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Decimeter-scale mapping of carbonate-controlled trace element distribution in Neoarchean cuspate stromatolites

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Decimeter-scale mapping of carbonate-controlled trace element distribution in Neoarchean cuspate stromatolites. / Warke, Matthew R.; Edwards, Nicholas P.; Wogelius, Roy A.; Manning, Phillip L.; Bergmann, Uwe; Egerton, Victoria M.; Kimball, Katalina C.; Garwood, Russell J.; Beukes, Nicolas J.; Schröder, Stefan.

In: Geochimica et Cosmochimica Acta, Vol. 261, 15.09.2019.

Research output: Contribution to journalArticlepeer-review

Harvard

Warke, MR, Edwards, NP, Wogelius, RA, Manning, PL, Bergmann, U, Egerton, VM, Kimball, KC, Garwood, RJ, Beukes, NJ & Schröder, S 2019, 'Decimeter-scale mapping of carbonate-controlled trace element distribution in Neoarchean cuspate stromatolites', Geochimica et Cosmochimica Acta, vol. 261. https://doi.org/10.1016/j.gca.2019.07.004

APA

Warke, M. R., Edwards, N. P., Wogelius, R. A., Manning, P. L., Bergmann, U., Egerton, V. M., Kimball, K. C., Garwood, R. J., Beukes, N. J., & Schröder, S. (2019). Decimeter-scale mapping of carbonate-controlled trace element distribution in Neoarchean cuspate stromatolites. Geochimica et Cosmochimica Acta, 261. https://doi.org/10.1016/j.gca.2019.07.004

Vancouver

Warke MR, Edwards NP, Wogelius RA, Manning PL, Bergmann U, Egerton VM et al. Decimeter-scale mapping of carbonate-controlled trace element distribution in Neoarchean cuspate stromatolites. Geochimica et Cosmochimica Acta. 2019 Sep 15;261. https://doi.org/10.1016/j.gca.2019.07.004

Author

Warke, Matthew R. ; Edwards, Nicholas P. ; Wogelius, Roy A. ; Manning, Phillip L. ; Bergmann, Uwe ; Egerton, Victoria M. ; Kimball, Katalina C. ; Garwood, Russell J. ; Beukes, Nicolas J. ; Schröder, Stefan. / Decimeter-scale mapping of carbonate-controlled trace element distribution in Neoarchean cuspate stromatolites. In: Geochimica et Cosmochimica Acta. 2019 ; Vol. 261.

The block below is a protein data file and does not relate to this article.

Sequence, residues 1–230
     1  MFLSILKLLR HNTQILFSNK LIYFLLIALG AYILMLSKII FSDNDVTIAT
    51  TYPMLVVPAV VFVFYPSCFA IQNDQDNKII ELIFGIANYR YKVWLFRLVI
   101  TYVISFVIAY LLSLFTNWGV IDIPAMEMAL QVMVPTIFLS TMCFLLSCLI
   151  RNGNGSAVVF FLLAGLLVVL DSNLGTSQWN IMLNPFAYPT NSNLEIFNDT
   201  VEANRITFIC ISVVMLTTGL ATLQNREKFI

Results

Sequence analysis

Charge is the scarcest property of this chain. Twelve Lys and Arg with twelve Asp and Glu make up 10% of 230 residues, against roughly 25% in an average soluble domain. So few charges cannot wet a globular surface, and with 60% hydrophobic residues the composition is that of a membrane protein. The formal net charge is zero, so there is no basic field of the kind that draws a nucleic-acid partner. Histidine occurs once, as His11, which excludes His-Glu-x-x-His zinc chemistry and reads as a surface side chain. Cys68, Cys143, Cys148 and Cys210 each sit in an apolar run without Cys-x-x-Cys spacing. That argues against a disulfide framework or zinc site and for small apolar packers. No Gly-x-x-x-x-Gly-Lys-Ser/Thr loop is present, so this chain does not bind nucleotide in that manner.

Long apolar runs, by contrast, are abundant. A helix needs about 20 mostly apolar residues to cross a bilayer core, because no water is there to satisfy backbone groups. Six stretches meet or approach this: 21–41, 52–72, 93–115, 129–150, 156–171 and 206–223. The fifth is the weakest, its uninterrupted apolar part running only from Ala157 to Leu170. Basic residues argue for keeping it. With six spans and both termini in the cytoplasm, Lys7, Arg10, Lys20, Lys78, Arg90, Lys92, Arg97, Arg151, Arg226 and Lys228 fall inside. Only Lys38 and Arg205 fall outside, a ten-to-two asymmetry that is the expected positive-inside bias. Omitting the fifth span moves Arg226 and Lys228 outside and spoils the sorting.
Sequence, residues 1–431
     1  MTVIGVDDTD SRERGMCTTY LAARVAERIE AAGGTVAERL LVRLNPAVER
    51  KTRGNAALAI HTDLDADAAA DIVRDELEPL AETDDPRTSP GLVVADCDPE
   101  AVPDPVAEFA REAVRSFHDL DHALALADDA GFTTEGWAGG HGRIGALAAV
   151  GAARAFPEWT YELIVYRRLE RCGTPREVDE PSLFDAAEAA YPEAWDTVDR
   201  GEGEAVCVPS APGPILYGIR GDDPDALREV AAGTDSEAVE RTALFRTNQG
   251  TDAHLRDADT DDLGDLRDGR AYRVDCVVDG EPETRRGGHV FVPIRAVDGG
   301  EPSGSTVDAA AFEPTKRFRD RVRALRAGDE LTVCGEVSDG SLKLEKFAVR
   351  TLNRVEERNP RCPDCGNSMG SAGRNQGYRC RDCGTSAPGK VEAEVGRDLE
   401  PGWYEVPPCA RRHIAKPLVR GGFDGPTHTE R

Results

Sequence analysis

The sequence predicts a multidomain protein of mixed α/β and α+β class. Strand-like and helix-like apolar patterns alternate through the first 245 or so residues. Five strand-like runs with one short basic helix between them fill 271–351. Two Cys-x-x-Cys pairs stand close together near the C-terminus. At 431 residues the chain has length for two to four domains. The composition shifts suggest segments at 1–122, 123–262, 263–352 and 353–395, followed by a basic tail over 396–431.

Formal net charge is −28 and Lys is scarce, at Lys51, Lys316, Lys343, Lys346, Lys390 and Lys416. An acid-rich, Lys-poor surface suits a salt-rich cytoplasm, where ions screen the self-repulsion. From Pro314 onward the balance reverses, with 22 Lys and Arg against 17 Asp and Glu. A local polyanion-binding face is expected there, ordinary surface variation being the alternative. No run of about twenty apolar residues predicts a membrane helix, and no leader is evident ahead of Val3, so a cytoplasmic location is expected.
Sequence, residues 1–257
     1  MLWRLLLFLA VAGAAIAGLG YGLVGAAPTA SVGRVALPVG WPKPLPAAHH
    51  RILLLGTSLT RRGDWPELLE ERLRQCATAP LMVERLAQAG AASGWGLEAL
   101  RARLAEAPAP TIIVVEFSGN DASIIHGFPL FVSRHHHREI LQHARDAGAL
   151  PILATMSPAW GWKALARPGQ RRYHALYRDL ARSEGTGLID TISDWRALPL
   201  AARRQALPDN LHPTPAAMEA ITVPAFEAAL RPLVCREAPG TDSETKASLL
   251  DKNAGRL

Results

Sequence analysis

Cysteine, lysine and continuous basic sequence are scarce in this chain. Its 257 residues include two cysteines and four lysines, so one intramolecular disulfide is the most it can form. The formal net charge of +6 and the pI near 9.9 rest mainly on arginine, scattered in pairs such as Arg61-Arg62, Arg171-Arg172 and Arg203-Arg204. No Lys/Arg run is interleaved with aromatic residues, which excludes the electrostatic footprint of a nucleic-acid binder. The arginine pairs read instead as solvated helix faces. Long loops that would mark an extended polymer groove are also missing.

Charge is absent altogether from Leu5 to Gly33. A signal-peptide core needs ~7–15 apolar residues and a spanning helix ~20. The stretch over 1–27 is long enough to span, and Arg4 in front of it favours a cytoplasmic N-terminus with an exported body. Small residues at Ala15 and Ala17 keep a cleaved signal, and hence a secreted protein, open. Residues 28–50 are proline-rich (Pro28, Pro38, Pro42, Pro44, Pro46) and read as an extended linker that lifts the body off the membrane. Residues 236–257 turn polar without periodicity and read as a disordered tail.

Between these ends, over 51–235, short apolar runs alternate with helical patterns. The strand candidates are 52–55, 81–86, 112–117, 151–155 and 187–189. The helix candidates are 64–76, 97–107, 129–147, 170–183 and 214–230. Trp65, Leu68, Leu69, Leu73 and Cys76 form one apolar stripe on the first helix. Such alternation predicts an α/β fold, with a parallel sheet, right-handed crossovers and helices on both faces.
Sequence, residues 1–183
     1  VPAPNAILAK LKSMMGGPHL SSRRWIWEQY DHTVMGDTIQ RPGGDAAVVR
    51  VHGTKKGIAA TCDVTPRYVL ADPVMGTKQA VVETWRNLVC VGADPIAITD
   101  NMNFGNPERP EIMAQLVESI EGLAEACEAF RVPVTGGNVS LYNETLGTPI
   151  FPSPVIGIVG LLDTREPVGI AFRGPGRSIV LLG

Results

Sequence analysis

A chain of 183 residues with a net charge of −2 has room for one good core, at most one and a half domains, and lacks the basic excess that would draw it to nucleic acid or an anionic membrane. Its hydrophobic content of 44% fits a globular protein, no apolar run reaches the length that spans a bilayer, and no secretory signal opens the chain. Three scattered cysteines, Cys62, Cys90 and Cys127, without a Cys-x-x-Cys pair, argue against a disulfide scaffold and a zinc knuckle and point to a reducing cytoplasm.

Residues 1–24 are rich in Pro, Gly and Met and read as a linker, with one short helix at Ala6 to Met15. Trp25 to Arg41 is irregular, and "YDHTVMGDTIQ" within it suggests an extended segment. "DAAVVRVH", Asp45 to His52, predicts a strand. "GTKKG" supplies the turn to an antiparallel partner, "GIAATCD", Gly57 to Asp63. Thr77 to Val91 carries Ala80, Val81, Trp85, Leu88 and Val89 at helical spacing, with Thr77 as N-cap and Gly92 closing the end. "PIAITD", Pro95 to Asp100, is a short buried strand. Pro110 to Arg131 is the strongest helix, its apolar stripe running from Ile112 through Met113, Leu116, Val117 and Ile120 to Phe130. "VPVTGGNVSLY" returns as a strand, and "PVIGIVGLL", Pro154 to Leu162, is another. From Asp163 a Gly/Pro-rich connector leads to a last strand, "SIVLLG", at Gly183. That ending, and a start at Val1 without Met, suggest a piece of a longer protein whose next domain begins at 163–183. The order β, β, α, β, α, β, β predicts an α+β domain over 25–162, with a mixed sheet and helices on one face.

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@article{9bf78f5e76324e1eb1f885e449281d04,
title = "Decimeter-scale mapping of carbonate-controlled trace element distribution in Neoarchean cuspate stromatolites",
abstract = "Ancient stromatolites can provide key insights into the early evolution of life on Earth. Neoarchean fenestrate stromatolites from the ∼2520 Ma Upper Nauga Formation (Transvaal Supergroup, South Africa) preserve cuspate morphologies. They possess clearly delineated support and drape structures interpreted as dolomitized microbial mat material. Petrographic observations show that the biogenic structures are composed of planar-s to non-planar ferroan dolomite, encased in ferroan calcite, including herringbone calcite textures. The cuspate stromatolites were analyzed using Synchrotron Rapid Scanning X-Ray Fluorescence (SRS-XRF) and more conventional techniques to determine: (i) whether element distributions could be distinguished in ancient stromatolites at both cm to dm scales, (ii) whether element distributions show variation between biogenic and abiogenic textures, and (iii) the sample{\textquoteright}s paragenesis. The distributions of Ca, Fe, Mn, Pb, Cu, As, Br, Al, Si, P, and S directly correspond to dolomitized stromatolitic structures and show trace element distributions are principally controlled by calcite and dolomite occurrence. Dolomite formation was mainly driven by seawater-derived fluids given the high concentrations of Fe and retention of marine shale-normalized rare earth element and yttrium (REYSN) patterns, however the spatial association of dolomite to stromatolite structures may reflect microbially-influenced mineral nucleation. Given the complexity of this sample{\textquoteright}s paragenetic evolution, trace metal distributions cannot be conclusively tied to specific metabolic pathways, bioaccumulation or passive binding, however, the results show SRS-XRF can be used for quantifiable, spatial, in-situ investigation of ancient microbialites.",
keywords = "X-ray fluorescence, Stromatolite, SRS-XRF, Synchrotron, Nauga formation",
author = "Warke, {Matthew R.} and Edwards, {Nicholas P.} and Wogelius, {Roy A.} and Manning, {Phillip L.} and Uwe Bergmann and Egerton, {Victoria M.} and Kimball, {Katalina C.} and Garwood, {Russell J.} and Beukes, {Nicolas J.} and Stefan Schr{\"o}der",
note = "MRW was funded by a NERC PhD studentship at the University of Manchester. PLM thanks STFC for their support (ST/M001814/1). We are grateful to SSRL for continued support for imaging at beamline 6-2 at SLAC. We are also grateful to the Manchester X-Ray Imaging Facility, which was funded in part by the EPSRC (grants EP/F007906/1, EP/F001452/1 and EP/I02249X/1). ",
year = "2019",
month = sep,
day = "15",
doi = "10.1016/j.gca.2019.07.004",